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Auto parts store, shopping plaza changes get OK along Route 19

| Friday, Nov. 4, 2016, 11:43 a.m.

O'Reilly Auto Parts is coming to Cranberry.

Cranberry supervisors unanimously approved land development and conditional use on Nov. 3 of a 1.7-acre site along Route 19 to build an 8,075 square-foot building to house the Missouri-based O'Reilly Automotive.

The new retail building will sit at the vacant site of the former Gulf Oil gas station at 20541 Route 19, between Unionville and Ogle View Roads, said director of planning and development Ron Henshaw.

The property has been vacant for several years, Henshaw said, possibly because of its small size and former life as a gas station.

Cranberry Manager Jerry Andree said township staff, the property owners and developers worked together to find a way to make the property work.

“This was a rather unique site to fill in,” Andree said.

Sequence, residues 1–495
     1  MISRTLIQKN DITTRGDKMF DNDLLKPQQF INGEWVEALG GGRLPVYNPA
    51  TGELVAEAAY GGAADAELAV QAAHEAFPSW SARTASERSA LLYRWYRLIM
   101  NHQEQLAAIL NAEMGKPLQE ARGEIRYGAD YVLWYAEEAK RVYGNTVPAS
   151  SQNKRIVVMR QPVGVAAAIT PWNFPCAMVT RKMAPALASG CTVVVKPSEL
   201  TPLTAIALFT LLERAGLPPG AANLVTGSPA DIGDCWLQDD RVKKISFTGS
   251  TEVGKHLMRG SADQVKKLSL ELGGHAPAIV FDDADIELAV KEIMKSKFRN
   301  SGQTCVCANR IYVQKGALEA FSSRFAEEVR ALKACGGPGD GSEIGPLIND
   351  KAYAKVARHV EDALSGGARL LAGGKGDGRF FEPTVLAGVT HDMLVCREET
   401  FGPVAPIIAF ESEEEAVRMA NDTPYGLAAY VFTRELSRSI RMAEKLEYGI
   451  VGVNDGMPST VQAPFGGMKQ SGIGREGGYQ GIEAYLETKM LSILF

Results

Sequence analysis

O'Reilly Automotive has more than 4,500 stores that sell auto parts to retail customers, professional installers and smaller distribution warehouses in 44 states, but only a handful in southwestern Pennsylvania. This is the first in Butler County and there are none in Beaver, Allegheny, Armstrong or Lawrence counties.

Henshaw said he is not sure when construction will begin for O'Reilly Automotive.

The board also approved plans to redevelop Cranberry Square Annex, a series of small shopping center outparcels along Route 19 that include Einstein's Bagels, Pier One, Jiffy Lube, Total Hockey, Theatre Extreme and the Vitamin Shoppe.

Local developer Dominic Gigliotti purchased the property and plans to redevelop the 3.5-acre site by adding a 3,850 square-foot restaurant in the middle along Nicklas Drive and a 3,500 square-foot addition onto the building housing Pier One and Total Hockey. The addition onto Pier One and Total Hockey will be split into two smaller tenant spaces, Henshaw said.

He'll also add more parking and a new access road to improve traffic circulation, improve stormwater management and update the exterior of the buildings to have a common theme, Henshaw said.

“We saved a great redevelopment project,” Henshaw said. “It's nice he's going to come in, freshen it up, liven it up and add some new users.”

Gigliotti developed Cranberry Heights residential development and the plaza that houses Buffalo Wild Wings and Party City along Route 19.

Rachel Farkas is a Tribune-Review contributing writer.

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